Frey Ranch sits in a unique segment in American whiskey: a full farm and distillery estate operation, they grow every bit of their own grain, then distill and age on site. And as a Nevada-based operation, they operate in one of America’s driest climates, often putting them at the forefront of climate change’s impact on everything from growing grain to aging barrels.
Recently, Drinkhacker caught up with Frey Ranch co-founder Colby Frey, a fifth-generation Nevada farmer who is looking decades ahead when it comes to both grain and aging operations. As Frey Ranch continues their growth — on pace to lay down over 4,000 barrels in 2023 — even small fluctuations in climate will have greater impacts on their operation. Colby was forthcoming about how that could challenge their growth — and what his team is doing in response.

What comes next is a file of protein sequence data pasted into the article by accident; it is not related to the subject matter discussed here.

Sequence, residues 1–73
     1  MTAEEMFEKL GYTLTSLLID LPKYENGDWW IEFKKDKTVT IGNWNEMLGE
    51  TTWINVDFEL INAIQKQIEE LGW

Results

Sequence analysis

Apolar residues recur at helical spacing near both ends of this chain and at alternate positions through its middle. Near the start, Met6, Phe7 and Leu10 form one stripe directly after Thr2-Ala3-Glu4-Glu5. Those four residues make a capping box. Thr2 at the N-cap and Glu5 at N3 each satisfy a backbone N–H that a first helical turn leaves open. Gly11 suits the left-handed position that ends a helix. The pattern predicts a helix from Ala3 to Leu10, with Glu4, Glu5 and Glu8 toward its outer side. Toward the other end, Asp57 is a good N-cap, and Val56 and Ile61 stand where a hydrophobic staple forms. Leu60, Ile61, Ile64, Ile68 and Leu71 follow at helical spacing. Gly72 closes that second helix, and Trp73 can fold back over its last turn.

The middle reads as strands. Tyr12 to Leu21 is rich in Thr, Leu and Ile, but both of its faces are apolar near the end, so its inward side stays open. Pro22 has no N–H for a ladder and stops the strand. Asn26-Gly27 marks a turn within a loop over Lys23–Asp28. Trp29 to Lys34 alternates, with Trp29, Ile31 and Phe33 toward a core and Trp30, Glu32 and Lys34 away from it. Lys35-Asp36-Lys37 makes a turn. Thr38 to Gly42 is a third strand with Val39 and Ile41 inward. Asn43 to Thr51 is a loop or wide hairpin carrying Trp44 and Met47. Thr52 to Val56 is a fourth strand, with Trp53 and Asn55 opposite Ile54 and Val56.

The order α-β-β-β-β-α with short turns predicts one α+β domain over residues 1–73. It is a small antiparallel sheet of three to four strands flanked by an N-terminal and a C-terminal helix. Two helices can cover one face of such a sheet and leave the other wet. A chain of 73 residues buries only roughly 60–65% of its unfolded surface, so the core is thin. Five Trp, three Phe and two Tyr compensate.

Note: This interview has been lightly edited for readability.
Drinkhacker: Can you give us a sense of size, scope, and scale of Frey Ranch’s operation? Acreage used for grain that goes into the whiskey, proof gallons distilled per year, barrels filled, etc.?
Colby Frey: One of our core tenets as a distillery is that Frey Ranch will never source grains from anywhere outside of our own farming operation to create our whiskeys. For this reason, each year we plan to grow and harvest at least 1 ½ times the grains we will need to ensure we have extra on hand for any unforeseen circumstances. Mother Nature is unpredictable, which is why during each planting season, we factor in grain overages for dry seasons, wet seasons, and every weather-driven eventuality. The ability and desire to produce whiskeys made from the grains we grow and harvest ourselves is our reason for being and the essence of who we are as farmers first and foremost.